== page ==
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Talking with Peter Molyneux, part 3

Talking with Peter Molyneux, part 3 (photo)

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You mentioned the promises that your character will be making along the first part of the game. How does that play out with the leveling-up mechanics and with the action?

This whole idea of experience and experience-spending is still a very, very important one, but it’s completely different in “Fable III”. So, normally in role-playing games, you get experience for fighting, which kind of doesn’t work when you’ve got a game that also gives you the ability to get married, the ability to make friends or to buy houses. We needed a score which applied to all of that. We translated it into the idea of followers. The more followers you get, the more powerful you become.

Did you get that idea off of Twitter?

[Laughs] It does sound like that, doesn’t it? But, no, the followers lead into another visual representation that we’re calling the Road to Rule. It’s another location that shows you your journey, your path to becoming King. As you earn more followers, these gates on the Road unlock. They are like levels. And what you are doing is getting closer and closer to this castle in the distance, so when you go through the final gate, you are at the right level to take on the castle. I love the idea, I’ve made it super clear. The player sees that he’s going up levels and getting nearer to becoming King.

So, what does changing up these systems offer the player? And does it teach you anything, in terms of design?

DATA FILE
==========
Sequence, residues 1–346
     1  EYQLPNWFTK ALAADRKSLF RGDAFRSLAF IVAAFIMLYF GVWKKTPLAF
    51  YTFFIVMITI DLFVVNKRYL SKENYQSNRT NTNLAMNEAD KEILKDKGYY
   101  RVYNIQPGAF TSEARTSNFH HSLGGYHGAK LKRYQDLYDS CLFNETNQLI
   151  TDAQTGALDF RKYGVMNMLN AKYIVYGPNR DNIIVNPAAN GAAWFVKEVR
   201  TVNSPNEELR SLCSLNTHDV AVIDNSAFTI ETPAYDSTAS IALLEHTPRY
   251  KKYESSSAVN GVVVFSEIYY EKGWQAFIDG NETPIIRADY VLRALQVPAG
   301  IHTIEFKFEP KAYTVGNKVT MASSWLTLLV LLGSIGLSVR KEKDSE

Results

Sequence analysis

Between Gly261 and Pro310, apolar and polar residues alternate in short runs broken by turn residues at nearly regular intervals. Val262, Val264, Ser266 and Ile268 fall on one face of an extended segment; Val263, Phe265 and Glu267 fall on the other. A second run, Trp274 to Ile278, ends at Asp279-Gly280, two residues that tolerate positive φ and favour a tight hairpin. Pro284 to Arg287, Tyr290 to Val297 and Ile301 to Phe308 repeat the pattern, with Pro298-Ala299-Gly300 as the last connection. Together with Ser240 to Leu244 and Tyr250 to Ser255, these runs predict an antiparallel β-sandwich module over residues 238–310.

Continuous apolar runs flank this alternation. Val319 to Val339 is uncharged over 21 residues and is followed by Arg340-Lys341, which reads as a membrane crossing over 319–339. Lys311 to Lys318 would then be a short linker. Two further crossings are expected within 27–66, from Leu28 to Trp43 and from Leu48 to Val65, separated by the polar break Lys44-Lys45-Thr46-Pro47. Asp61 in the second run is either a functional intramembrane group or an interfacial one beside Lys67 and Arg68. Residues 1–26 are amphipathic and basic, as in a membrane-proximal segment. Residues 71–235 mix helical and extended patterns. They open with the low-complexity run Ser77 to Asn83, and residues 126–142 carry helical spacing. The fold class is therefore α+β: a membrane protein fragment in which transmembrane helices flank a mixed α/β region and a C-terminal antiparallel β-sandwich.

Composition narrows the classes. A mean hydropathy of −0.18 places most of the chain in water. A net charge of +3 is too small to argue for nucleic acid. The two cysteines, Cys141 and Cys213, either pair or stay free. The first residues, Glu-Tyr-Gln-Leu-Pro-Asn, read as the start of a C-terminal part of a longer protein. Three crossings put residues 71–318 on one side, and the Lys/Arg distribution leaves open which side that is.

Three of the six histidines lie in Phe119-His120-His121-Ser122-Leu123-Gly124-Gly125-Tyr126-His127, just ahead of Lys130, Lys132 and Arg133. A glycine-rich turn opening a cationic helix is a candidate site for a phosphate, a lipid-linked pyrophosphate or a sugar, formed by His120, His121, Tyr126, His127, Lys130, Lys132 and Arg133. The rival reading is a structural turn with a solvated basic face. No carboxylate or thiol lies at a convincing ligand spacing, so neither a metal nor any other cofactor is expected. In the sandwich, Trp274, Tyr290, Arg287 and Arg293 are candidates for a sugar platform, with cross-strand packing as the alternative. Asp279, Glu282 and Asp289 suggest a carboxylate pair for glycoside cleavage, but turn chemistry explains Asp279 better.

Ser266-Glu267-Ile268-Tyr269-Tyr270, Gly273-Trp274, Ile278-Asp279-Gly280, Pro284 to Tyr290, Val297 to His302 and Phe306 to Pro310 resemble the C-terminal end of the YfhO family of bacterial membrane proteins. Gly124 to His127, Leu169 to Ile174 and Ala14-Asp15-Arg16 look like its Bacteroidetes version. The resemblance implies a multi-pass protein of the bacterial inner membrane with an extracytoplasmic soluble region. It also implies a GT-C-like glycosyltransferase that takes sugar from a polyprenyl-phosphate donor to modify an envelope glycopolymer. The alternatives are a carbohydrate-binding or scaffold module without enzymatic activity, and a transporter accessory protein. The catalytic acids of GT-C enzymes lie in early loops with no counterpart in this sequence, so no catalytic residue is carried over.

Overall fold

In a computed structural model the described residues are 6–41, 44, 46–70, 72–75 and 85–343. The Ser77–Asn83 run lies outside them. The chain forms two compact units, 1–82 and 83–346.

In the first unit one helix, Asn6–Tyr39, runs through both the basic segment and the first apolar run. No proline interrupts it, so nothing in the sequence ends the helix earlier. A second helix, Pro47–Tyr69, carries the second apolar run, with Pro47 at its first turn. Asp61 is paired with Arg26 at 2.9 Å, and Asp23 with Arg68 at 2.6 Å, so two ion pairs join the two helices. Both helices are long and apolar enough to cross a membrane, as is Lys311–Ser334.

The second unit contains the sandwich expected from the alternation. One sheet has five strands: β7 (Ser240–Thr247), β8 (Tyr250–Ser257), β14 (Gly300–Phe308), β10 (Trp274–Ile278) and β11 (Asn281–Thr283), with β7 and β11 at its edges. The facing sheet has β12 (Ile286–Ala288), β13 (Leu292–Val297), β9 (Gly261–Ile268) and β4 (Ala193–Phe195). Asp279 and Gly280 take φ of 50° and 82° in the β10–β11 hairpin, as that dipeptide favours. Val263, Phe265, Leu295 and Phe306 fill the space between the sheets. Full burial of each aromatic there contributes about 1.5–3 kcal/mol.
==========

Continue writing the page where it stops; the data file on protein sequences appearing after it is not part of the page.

The other thing that we found, which was a really exciting thing when we realized it, is that if you asked ten people what “Fable III” was to them, you’d get ten different answers. Some people say, “I love the socialization side, the customization side, the getting married, I love the combat, whatever.” Well, in “Fable I” and “Fable II,” we made the mistake of just throwing all this stuff at you, without any sense of pacing your progression. But, now as you go through the gates on the Road to Rule, there are these chests. On one side of the road, all of the chests have to do with combat, so you can get extra spells, you can power up your combat. The other side is all the stuff to do with the other parts of the game. If you want to, you can spend your followers on dyeing your clothes. Effectively, you are crafting your own “Fable III” experience. So some people will play this game and never want to get married, they’ll never want to get involved in sin, they’ll never want to buy houses, why do we force it down their throats? Now we can give you the option, it all kind of flows through these followers.

The followers are a bit abstracted; what will your interactions be with people in the gameworld?

So, here we have this woman that we’ve been taking into the pub. We’ve actually turned her into an alcoholic, so much so that last time we came back here, she started throwing up all over the place. I find it funny, but it probably has serious political consequences about drinking in the game. And, again, you have unlocked this as part of your game experience. If you are not someone who wants to do this, you don’t have to do it.

And we’re trying to win her trust here?

What we’re trying to do is we’re trying to win her trust and she’s given you a challenge to take her trust a little bit further and you may be able to get married to her. She’s asked me to deliver a package to the mystery dweller’s camp but what I can do is just take her along with me, just by reaching out my hand.

Are we going to take her with us?

Peter: We’ll just take her with us. You can do this to anybody. And you know, just taking her with us will gain you these followers. I’m gaining these followers and this will increase the bond between the two of us and she may well help me in combat, she may prove helpful in social situations as well. In fact if we take her to this romantic place, she may well display her, er, affections… It is very emotional because if we can get her to hate me, then we’ll have to drag her along. And if someone comes to you and asks for a promise to be fulfilled, you can then take them by the hand and drag them into your dungeon and have them executed. It’s a very harsh thing to do when they’re begging for mercy and you’re dragging them along, but we let the player do that.

With so much that you’re allowing the player to do, it can’t be easy to describe the scope of the game to newbies…